What to do with the leaves? For years I've been encouraging people, with everything but bribes, to compost their leaves rather than dump them in the street. The Princeton Environmental Commission has long been advocating a "leave the leaves" approach. I'd like to think that people are listening, and telling their landscapers they don't want a mess on the street in front of their houses. But one can still get the feeling of Groundhog Day when walking down the street, with big pillowy piles of leaves rising in the same places year after year, forcing cars and bikes, and sometimes pedestrians, out into the middle of the road.

For some, loose leaf collection is a sign that their tax dollars are being spent on services. For me, it's a classic example of how a private problem is unnecessarily dumped into the public's domain. An example with more global consequence is what happens every time we drive, and every time the furnace kicks on. We as private citizens get the benefits, while the atmosphere and future people get the burden. I can't capture and reuse the CO2 slipping out of tailpipe and chimney, but I can easily compost leaves in a back corner. The pillowy massiveness of leaf piles is deceptive, easily tamed and compacted by the weight of rain and snow.

Recently while walking the dog, I happened to encounter three kindred spirits--formerly unknown neighbors who take pride in the look of the street in front of their homes. This woman on Stanley rakes up the leaves and adds them to a leafpile in a back corner. The leaf pile doesn't get oversized because the previous year's leaves have already returned to the soil.

By contrast, and much to her annoyance, a landscaper for a neighbor across and up the street dumps leaves, sticks, soil, whatever, next to her property, oblivious to regulations and scheduled pickups. It's essentially a compost pile in the street.

Another landscaper for a neighbor of her's, facing Hamilton Ave, decided one day to do a leaf drive across the road, blocking Hamilton when I happened to be driving by.

These folks have plenty of room in their yards for a leaf pile, but the landscapers instead direct the leaves into the street for the same reason so many other problematic things happen, because they can.

Here's another neighbor who extends his sense of aesthetics and responsibility to the curb. He was raking even though his doctor recommended against it. That shows how strong the urge can be.

And just up the street, another neighbor who rakes leaves out of the curb and puts them on a leaf pile in the back.

His pet peeve is all the leaves that blow into his yard from the big leaf piles nearby neighbors put out on the street.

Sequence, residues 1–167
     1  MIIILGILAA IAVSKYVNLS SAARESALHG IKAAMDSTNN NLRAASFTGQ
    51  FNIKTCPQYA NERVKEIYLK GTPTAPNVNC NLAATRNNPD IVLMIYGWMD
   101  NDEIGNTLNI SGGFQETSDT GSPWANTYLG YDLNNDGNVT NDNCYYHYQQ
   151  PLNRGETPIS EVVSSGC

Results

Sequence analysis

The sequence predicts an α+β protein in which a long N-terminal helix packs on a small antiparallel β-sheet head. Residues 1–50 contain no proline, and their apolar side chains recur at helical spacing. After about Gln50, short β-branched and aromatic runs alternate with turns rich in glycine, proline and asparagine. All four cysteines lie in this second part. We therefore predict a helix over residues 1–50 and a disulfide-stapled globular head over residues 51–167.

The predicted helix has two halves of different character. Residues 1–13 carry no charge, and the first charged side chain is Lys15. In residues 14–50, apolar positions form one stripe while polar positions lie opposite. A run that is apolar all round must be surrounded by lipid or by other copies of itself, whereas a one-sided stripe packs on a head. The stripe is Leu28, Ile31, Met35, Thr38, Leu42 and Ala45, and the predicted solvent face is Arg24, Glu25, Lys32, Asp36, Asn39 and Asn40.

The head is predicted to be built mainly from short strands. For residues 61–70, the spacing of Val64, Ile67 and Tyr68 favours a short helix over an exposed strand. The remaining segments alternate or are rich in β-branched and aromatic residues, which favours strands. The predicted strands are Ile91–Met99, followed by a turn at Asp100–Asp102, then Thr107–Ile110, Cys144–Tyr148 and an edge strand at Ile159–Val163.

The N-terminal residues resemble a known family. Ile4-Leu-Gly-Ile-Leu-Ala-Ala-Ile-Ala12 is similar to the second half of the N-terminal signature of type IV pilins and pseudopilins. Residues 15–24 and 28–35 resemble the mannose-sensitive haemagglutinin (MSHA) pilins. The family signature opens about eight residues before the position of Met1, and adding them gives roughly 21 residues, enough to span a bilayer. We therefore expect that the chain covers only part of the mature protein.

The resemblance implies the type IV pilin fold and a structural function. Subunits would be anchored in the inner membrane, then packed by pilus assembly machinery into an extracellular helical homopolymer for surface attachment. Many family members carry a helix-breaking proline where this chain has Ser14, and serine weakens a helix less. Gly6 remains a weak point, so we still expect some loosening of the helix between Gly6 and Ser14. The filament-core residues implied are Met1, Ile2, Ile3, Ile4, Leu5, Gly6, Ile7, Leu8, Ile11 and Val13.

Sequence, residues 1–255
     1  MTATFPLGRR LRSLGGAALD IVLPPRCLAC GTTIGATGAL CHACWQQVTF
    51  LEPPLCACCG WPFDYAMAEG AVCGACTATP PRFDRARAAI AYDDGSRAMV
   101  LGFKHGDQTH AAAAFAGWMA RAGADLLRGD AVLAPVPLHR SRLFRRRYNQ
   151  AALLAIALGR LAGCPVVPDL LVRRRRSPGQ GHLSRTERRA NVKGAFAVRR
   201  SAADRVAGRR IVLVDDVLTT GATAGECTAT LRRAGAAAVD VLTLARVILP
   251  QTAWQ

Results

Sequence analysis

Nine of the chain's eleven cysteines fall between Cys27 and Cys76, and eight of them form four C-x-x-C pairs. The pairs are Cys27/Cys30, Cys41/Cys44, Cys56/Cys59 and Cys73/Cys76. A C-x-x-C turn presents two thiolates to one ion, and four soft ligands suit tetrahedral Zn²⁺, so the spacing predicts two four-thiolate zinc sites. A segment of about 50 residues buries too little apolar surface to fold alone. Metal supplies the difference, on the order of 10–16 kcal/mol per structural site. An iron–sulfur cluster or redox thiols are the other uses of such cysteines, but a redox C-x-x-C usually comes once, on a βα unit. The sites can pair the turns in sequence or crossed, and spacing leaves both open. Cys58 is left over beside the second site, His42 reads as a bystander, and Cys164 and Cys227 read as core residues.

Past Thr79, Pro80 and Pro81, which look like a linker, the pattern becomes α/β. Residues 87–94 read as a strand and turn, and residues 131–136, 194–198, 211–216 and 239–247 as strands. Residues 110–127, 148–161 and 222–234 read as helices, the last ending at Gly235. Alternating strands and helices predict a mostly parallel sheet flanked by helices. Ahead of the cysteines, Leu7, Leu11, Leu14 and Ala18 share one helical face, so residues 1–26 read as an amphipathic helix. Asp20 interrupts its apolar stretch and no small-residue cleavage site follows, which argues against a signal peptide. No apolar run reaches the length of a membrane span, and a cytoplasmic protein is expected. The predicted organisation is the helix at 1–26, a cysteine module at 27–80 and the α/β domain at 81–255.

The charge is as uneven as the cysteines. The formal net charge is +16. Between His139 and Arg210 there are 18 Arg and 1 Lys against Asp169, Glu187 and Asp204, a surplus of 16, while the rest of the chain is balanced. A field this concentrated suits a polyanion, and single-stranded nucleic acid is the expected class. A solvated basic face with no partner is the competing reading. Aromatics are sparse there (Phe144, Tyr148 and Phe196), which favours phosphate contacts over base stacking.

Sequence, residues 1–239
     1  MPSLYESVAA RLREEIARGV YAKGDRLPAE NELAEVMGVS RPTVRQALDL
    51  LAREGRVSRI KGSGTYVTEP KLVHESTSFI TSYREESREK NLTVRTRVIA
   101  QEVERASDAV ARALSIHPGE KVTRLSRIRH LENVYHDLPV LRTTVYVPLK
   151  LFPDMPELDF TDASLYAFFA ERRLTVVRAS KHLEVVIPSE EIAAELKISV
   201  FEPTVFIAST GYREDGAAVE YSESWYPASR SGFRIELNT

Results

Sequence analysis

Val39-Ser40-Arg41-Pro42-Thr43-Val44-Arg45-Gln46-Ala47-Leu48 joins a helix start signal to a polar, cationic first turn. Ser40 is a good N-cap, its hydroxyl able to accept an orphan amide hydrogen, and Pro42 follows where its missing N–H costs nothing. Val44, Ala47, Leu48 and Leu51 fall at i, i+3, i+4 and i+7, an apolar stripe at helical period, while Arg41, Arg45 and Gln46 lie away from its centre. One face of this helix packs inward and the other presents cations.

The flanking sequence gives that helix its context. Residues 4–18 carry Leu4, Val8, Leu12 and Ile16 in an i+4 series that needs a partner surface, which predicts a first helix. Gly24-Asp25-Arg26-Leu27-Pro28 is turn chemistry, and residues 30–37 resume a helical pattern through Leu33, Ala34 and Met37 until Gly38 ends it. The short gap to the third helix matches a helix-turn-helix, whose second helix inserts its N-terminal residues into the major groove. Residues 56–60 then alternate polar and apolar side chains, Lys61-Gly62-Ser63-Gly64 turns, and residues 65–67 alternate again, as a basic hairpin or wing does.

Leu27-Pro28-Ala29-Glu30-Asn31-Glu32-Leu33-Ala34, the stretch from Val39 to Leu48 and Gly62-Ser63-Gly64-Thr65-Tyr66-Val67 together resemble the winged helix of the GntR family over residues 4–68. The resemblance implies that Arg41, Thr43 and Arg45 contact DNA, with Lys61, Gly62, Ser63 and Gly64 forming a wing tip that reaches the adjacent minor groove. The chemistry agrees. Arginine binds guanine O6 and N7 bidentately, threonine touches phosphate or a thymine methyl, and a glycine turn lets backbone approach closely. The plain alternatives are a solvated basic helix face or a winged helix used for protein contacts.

Interestingly, two of these neighbors have foreign accents, suggesting they have brought with them an ethic of stewardship for public space that isn't as strong in the U.S.

Sometimes, leaf piles constrict the road in areas where visibility is limited, such as at Van Dyke and Grover.

And this is what bicyclists face, losing their bike lanes for much of the fall.

Using leaf bags, available free at Ace Hardware, can help.

Here's the classic problem in the downtown area, where leafpiles occupy parking spaces, and people are tempted to park on top of the leaves, with the risk that a hot catalytic converter could start a fire underneath the car.

It's estimated that leaf and brush collection costs the town somewhere between $500,000 and a million dollars per year. One way to shift towards more efficient, containerized collection and backyard composting would be to provide yardwaste carts to interested homeowners who live on busy streets, or where parking is important. These would augment the yardwaste bag collection, with more capacity and ease of use. The approach is spelled out at this link.  If given some incentive, homeowners who live where piling in the street is particularly inconvenient or perilous might gain the same ethic that my three neighbors have shown, and begin taking pride not only in their yards but their curbs as well.

In my own yard, I use several Wishing the Earth Wells, a homegrown invention that looks like a wishing well but composts leaves, with a critter-proof cylinder in the middle for food scraps. Add a leaf and make a wish. Some leaves remain on the ground in the flower beds, protecting the soil and providing cover for pollinating insects to overwinter. Nature works in cycles, and working with nature to maintain those cyclings of nutrients just happens to reduce my need for town services.